Morocco.They are very cranky if you have your camera with you. They also try to pick them up. Even if there is a cap on the lens and you are not shooting. They are convinced for inexplicable reason that you take special pictures to make them laugh out how poor/dirty the country is. While I liked that picture very nicely. In Egypt It is exactly the other way around, you can’t possibly take pictures without people, so like posing them for the photo. On the market and in the shops they also make a chat with you or donate tea and coffee. In Morocco They greet you only when you draw your wallet and want to buy something clearly.
And what I found totally bizarre, they don’t bother to remember your name or mention you at all in your name.And I have a reasonably easy name. They immediately call you “Nasrania” (The Christian, which I am not, haha). I also found “Madame” just fine. 🙂
Qatar, by far.Started with customs, well there are more shagerijnige guests, but this is a long way to tell how expensive our visas were. He wanted my credit card and further I had to keep my head. When I asked it for the 3rd time he became so angry that it had not surprised me if I had been arrested. Then quickly gave my credit card. Then, our Indiaase taxi Chauf was called out to a few Arabs when he asked them the way. I have travelled a lot and have never felt so unwelcome as in Qatar before. Sandbox where money rules and things like environment, equality or justice totally do not play a role.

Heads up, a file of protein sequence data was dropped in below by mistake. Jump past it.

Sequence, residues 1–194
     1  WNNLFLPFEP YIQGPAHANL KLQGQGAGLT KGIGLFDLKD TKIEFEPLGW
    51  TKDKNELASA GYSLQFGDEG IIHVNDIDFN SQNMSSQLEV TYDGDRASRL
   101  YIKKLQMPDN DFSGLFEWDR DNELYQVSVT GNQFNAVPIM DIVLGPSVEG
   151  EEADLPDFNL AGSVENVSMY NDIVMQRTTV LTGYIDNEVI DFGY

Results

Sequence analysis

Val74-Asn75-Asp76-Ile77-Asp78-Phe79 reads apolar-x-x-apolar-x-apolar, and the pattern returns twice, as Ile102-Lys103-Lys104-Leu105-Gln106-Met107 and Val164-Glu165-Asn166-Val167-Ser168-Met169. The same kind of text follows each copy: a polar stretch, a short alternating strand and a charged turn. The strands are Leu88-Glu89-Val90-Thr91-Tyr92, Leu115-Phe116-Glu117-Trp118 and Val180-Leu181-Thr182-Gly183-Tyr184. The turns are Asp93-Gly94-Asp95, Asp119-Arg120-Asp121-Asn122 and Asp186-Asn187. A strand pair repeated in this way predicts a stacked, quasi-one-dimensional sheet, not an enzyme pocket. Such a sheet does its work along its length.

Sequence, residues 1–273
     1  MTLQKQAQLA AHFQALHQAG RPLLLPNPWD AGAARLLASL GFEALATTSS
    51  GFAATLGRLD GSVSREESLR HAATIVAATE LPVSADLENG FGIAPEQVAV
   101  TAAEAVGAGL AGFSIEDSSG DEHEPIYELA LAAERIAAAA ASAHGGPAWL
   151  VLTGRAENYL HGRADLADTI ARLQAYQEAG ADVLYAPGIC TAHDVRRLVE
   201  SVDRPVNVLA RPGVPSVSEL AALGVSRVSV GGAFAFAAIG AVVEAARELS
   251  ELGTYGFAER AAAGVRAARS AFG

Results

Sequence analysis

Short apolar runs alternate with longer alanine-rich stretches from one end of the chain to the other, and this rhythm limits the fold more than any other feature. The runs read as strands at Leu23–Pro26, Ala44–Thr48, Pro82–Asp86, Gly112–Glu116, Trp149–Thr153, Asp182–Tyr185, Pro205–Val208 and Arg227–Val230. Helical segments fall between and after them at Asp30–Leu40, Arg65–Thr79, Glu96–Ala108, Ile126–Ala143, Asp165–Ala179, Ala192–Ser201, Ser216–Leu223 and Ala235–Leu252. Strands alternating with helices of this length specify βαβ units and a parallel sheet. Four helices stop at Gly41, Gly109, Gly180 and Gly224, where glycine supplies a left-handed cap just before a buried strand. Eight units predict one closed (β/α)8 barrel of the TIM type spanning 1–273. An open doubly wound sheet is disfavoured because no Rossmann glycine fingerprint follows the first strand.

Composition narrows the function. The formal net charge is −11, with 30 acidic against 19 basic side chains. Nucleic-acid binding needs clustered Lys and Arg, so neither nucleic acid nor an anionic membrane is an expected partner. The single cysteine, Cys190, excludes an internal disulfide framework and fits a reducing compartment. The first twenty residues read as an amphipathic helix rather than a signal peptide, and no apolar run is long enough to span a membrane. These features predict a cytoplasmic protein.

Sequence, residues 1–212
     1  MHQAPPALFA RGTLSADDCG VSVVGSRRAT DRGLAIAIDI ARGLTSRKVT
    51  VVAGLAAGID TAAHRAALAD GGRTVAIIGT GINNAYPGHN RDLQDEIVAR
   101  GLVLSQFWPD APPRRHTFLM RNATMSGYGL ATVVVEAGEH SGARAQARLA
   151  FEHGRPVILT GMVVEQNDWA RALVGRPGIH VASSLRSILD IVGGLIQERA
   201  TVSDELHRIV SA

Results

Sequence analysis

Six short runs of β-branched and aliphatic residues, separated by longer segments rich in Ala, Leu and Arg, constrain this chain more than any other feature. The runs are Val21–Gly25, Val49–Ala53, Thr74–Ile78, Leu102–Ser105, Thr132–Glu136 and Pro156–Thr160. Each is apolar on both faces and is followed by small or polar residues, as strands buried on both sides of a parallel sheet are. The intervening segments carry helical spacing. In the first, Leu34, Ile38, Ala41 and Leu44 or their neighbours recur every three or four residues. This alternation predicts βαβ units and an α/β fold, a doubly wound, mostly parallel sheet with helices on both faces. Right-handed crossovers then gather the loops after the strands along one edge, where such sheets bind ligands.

It was in the Keukenhof, which was full of tourists.I fell (after 卤 55 years in W Europe to have lived) that people from China, but especially those from Malaysia and Indonesia often talked very hard, what struck because no one did this, no quarrel or something, so they were accustomed to speaking.
I have met rude people in many kanden.In All the countries I’ve been to though.
But as a result, I did not feel that * all * the inhabitants of a country were rude.
In most cases, it involved everyday situations, such as pre-stakes at a cash register.Sometimes it was also called.
Paris, in France.
Unfriendly and Hautein.
There are several bodies in which a people can be rude.
In one country they do not keep doors open, in the other they throw junk on the street etc
“Being polite”, in many languages, requires intricate sentence constructions.Imfeeding Sages (would you, could you), unhelpful inserts (perhaps), evasive phrases (you may, would you mind), contact titles (du/Sie, tu/vous).That’s a challenge, when you have to communicate with someone in a language other than your own. Example (from when I ever worked with a local assistant in Suriname): “Give”. He simply meant: “Would you like to reach out to me”-an insane difference in komplexity. In a country like Liberia, where the official language is English, the politeness forms are still very limited-perhaps because English is spoken mainly by the upper layer of the population, and thus on commanding tone. Same in India: English is gladly spoken mandatorily…
Aside: In my pitch Australia, “You want to” is about the strongest and least polite command… “You want to fuck off before I hit you” or “you want to measure before you cut next time”.Any.